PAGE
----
On Friday 27 September, the low-lying island nation of the Maldives will be given the date of its extinction; notice of a death by drowning, writes Damian Carrington for the Guardian.
It will come in the form of a prediction for future sea-level rise in a landmark report on global warming by the world’s climate scientists. On current trends, anything more than three generations will feel like a reprieve.
On the packed streets of Male’, the mini-Manhattan that serves as the Maldives’ island capital, there is a political clamour. But, perhaps surprisingly, the cause is not worry about the existential threat posed by the rising seas but over accusations of corruption and vote-buying in the presidential election.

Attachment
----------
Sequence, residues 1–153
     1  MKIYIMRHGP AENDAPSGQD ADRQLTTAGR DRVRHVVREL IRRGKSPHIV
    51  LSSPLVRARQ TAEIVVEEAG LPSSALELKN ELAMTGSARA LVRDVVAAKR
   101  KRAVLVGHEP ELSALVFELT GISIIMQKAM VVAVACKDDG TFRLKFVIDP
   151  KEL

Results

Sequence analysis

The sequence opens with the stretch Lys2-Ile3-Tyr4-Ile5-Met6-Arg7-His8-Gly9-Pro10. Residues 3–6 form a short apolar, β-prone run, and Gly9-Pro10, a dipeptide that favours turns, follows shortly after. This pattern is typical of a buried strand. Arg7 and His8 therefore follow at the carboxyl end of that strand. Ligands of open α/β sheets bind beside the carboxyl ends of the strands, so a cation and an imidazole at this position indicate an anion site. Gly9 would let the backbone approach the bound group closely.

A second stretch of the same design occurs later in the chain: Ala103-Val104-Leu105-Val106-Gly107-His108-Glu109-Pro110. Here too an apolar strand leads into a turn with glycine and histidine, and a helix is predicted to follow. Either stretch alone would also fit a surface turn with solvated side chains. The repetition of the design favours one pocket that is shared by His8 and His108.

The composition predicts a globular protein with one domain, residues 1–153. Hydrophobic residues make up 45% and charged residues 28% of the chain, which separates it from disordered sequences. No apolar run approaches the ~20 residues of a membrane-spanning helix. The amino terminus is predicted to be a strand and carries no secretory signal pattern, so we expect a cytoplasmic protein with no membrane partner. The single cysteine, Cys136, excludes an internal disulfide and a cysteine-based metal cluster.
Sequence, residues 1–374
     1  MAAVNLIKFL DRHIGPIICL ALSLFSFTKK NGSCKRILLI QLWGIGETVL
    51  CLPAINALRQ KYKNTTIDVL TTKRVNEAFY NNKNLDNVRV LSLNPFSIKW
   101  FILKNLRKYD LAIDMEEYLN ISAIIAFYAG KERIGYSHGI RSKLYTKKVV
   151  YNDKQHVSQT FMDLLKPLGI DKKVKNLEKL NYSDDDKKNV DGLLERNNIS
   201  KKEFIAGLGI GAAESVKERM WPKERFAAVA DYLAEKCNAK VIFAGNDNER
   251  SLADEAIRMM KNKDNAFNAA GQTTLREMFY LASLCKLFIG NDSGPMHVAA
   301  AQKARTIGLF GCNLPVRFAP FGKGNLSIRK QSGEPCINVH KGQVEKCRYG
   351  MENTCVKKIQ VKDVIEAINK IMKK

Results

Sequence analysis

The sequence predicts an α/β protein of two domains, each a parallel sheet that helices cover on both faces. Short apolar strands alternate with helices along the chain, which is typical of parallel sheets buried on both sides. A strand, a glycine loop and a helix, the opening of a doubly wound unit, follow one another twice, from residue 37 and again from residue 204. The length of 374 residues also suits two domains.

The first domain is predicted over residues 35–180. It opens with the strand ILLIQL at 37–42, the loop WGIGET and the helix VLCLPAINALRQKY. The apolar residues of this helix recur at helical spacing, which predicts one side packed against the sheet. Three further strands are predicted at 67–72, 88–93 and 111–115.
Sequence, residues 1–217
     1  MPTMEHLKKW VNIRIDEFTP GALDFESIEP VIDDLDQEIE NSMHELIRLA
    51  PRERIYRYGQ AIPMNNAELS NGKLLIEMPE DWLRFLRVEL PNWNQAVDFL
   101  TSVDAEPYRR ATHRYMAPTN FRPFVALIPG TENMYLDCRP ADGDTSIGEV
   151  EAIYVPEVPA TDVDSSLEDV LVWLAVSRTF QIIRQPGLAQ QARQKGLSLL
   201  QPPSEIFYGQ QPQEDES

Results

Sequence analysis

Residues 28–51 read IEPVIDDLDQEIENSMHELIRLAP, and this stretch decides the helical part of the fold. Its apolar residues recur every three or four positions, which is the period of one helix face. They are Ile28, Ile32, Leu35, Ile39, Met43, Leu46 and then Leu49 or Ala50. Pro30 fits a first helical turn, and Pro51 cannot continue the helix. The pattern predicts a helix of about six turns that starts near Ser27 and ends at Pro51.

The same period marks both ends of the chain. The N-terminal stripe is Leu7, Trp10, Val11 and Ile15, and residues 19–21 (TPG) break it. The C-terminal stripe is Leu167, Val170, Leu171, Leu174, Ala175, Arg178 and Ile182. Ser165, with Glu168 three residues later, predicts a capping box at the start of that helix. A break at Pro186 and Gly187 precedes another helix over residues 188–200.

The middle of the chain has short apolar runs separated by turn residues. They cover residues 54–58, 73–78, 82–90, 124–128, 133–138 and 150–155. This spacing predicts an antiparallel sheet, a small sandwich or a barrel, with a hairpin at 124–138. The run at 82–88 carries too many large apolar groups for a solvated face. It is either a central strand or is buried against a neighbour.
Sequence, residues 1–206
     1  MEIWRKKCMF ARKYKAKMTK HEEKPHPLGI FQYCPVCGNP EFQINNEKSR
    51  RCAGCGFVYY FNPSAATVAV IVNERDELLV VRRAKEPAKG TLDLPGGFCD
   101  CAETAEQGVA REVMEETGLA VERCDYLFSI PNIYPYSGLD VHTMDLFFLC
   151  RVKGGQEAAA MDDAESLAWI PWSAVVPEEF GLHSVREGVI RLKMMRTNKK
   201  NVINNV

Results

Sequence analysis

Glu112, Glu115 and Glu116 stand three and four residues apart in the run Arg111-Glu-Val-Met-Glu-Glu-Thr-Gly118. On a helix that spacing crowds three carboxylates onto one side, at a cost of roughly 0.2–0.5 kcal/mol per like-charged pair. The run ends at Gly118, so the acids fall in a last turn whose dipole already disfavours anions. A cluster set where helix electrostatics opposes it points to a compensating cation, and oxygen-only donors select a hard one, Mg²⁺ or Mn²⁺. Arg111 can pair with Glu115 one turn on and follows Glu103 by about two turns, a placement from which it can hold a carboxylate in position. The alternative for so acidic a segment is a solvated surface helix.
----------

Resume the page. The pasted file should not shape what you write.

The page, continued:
Friday’s landmark report on global warming from the Intergovernmental Panel on Climate Change (IPCC) – which is currently being finalised by a meeting of the world’s top climate scientists along with political observers in Stockholm – will set out the extreme precariousness of this position.
For coral reefs, the 800 climate scientists behind the report will be forced to add a new colour – purple – to the top of their range of risk levels to signify how much the dangers have worsened since the last IPCC assessment in 2007.
A significantly higher estimate for future sea-level rise is expected, up to 97cm by 2100, and this poses the most obvious threat to an archipelago where most land is no taller than an 11-year-old child. But rising sea temperatures will also increase coral bleaching and crumbling – where the reef gradually dies because the coloured algae that live within and help to feed the corals are expelled as the water warms.